This resulted in a list of research questions around the topics of discoverability, understandability, and effectiveness. In addition to these questions, I collaborated with stakeholders to uncover their hypotheses concerning the feature component. These hypotheses, mapped utilizing a traffic-light denotation system, allowed for an efficient organization of insights and ensured a quick turnaround of top-line insights following study completion.


Methods: (Double-Blind) Interviews, Cognitive Walkthrough, Build-Your-Own Activity

Conducting User Interviews

Over a week, I conducted 60-minute remote sessions with 8 HBO Max subscribers on UserTesting. These sessions were structured:

Part I (30-min): Blind Cognitive Walkthrough of Recommended by Humans prototypes
Using screen-share, participants walked through a homepage prototype containing one of the two Recommended by Humans feature components — half had prototype A, while the others had prototype B. These two prototypes differed in the design variations of individual component elements, allowing for an evaluation of the efficacy of these individual elements. In order to reduce bias, this was a double-blind study; the prototypes viewed did not have HBO Max branding, nor did participants know they were talking to a HBO Max researcher.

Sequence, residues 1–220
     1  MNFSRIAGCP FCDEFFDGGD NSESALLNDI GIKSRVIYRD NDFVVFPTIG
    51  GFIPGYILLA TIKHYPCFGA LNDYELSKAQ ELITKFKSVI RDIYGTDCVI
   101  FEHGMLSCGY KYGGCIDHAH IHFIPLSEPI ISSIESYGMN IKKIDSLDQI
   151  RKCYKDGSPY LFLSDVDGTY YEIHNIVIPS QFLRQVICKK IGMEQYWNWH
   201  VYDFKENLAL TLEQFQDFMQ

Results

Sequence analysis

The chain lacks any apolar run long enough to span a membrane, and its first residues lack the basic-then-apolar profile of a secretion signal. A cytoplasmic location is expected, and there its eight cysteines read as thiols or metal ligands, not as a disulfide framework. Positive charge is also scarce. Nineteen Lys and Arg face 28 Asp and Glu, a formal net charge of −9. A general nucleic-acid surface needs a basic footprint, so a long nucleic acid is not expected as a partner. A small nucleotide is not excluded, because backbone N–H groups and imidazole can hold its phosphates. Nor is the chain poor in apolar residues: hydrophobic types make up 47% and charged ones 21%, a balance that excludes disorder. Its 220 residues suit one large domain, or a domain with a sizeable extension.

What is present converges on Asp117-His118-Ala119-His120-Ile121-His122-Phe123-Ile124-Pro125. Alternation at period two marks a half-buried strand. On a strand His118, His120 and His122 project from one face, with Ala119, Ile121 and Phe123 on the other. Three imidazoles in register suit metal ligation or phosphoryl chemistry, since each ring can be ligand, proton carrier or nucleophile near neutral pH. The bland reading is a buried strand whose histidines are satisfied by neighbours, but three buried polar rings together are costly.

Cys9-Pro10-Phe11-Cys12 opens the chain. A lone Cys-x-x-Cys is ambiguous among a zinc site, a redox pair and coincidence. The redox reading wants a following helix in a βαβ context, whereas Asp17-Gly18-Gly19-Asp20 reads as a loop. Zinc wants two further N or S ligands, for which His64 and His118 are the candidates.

Part II (30-min): A Build-Your-Own Recommended by Humans feature component activity
The second half of this study let participants provide feedback in a fun, engaging way through a Build-Your-Own activity, where they were able to take on their “designer” cap and tinker around with the prototypes themselves. Using a Miro board I had created, participants built their own idealized Recommended by Humans feature component by choosing from multiple variations of the elements (Images, Titles, CTAs, etc.). They dragged and dropped on Miro, explaining their design decisions, while I followed along and probed into why selections were or were not made.


On the last day of my internship, I presented a detailed report of findings to the team. Here’s a sample; please reach out for further insights.


Being shown an image of the recommender increases trust in the authenticity of a recommendation, resulting in an increased value proposition.